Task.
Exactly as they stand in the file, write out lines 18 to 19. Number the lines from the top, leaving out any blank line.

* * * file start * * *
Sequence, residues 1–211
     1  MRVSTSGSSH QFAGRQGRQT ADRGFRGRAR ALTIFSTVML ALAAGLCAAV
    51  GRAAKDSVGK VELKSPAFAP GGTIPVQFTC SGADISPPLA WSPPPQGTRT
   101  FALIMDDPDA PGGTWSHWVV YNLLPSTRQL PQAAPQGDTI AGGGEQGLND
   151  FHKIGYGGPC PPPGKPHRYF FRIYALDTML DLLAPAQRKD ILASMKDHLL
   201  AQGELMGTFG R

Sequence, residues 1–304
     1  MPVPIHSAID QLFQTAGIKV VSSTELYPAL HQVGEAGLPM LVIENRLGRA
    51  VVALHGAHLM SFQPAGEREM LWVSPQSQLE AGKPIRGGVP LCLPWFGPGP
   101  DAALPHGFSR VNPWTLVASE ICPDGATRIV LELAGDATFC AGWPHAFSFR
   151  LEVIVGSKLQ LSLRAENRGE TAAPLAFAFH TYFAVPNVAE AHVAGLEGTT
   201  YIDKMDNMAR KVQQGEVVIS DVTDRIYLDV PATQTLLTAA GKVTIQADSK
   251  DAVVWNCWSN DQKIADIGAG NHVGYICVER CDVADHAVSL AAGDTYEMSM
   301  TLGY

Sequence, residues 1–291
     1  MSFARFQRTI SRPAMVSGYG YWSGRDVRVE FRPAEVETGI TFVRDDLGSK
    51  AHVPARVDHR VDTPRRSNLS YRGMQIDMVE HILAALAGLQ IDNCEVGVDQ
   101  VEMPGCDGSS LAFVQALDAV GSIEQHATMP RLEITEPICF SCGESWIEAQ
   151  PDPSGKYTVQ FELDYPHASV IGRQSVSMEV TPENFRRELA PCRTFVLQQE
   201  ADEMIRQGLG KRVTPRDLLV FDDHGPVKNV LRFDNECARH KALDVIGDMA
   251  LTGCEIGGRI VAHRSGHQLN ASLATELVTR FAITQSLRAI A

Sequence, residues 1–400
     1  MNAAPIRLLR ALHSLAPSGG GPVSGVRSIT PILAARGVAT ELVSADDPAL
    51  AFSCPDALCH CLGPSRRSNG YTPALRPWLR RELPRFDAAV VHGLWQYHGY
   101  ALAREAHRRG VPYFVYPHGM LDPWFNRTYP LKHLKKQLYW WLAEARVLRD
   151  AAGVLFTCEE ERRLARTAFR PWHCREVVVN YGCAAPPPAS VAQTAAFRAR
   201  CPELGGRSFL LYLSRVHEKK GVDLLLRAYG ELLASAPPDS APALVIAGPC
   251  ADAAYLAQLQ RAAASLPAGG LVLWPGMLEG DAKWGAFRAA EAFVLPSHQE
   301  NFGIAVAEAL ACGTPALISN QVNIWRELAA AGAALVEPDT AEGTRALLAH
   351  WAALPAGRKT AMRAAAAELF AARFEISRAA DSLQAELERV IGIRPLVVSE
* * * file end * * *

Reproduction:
   101  VEMPGCDGSS LAFVQALDAV GSIEQHATMP RLEITEPICF SCGESWIEAQ
   151  PDPSGKYTVQ FELDYPHASV IGRQSVSMEV TPENFRRELA PCRTFVLQQE